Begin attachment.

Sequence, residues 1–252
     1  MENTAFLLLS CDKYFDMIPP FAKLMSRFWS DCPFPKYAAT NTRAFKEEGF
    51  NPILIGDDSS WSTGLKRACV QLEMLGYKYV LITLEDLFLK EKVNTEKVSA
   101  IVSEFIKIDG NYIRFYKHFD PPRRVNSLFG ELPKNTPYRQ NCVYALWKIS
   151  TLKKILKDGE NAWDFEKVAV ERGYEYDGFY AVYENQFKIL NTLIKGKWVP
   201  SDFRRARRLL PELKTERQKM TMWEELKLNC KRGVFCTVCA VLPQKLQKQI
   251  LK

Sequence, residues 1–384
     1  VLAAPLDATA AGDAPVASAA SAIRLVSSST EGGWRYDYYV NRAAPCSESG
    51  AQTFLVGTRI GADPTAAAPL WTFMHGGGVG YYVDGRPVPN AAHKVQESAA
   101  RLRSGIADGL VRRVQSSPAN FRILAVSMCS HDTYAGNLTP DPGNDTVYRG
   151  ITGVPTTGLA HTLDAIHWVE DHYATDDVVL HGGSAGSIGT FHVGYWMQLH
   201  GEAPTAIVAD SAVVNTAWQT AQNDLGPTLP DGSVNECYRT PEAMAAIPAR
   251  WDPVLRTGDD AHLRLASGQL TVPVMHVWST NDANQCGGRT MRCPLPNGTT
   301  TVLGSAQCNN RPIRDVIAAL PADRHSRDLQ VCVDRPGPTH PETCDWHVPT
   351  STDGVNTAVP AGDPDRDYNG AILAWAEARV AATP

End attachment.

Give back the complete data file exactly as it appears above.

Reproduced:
Sequence, residues 1–252
     1  MENTAFLLLS CDKYFDMIPP FAKLMSRFWS DCPFPKYAAT NTRAFKEEGF
    51  NPILIGDDSS WSTGLKRACV QLEMLGYKYV LITLEDLFLK EKVNTEKVSA
   101  IVSEFIKIDG NYIRFYKHFD PPRRVNSLFG ELPKNTPYRQ NCVYALWKIS
   151  TLKKILKDGE NAWDFEKVAV ERGYEYDGFY AVYENQFKIL NTLIKGKWVP
   201  SDFRRARRLL PELKTERQKM TMWEELKLNC KRGVFCTVCA VLPQKLQKQI
   251  LK

Sequence, residues 1–384
     1  VLAAPLDATA AGDAPVASAA SAIRLVSSST EGGWRYDYYV NRAAPCSESG
    51  AQTFLVGTRI GADPTAAAPL WTFMHGGGVG YYVDGRPVPN AAHKVQESAA
   101  RLRSGIADGL VRRVQSSPAN FRILAVSMCS HDTYAGNLTP DPGNDTVYRG
   151  ITGVPTTGLA HTLDAIHWVE DHYATDDVVL HGGSAGSIGT FHVGYWMQLH
   201  GEAPTAIVAD SAVVNTAWQT AQNDLGPTLP DGSVNECYRT PEAMAAIPAR
   251  WDPVLRTGDD AHLRLASGQL TVPVMHVWST NDANQCGGRT MRCPLPNGTT
   301  TVLGSAQCNN RPIRDVIAAL PADRHSRDLQ VCVDRPGPTH PETCDWHVPT
   351  STDGVNTAVP AGDPDRDYNG AILAWAEARV AATP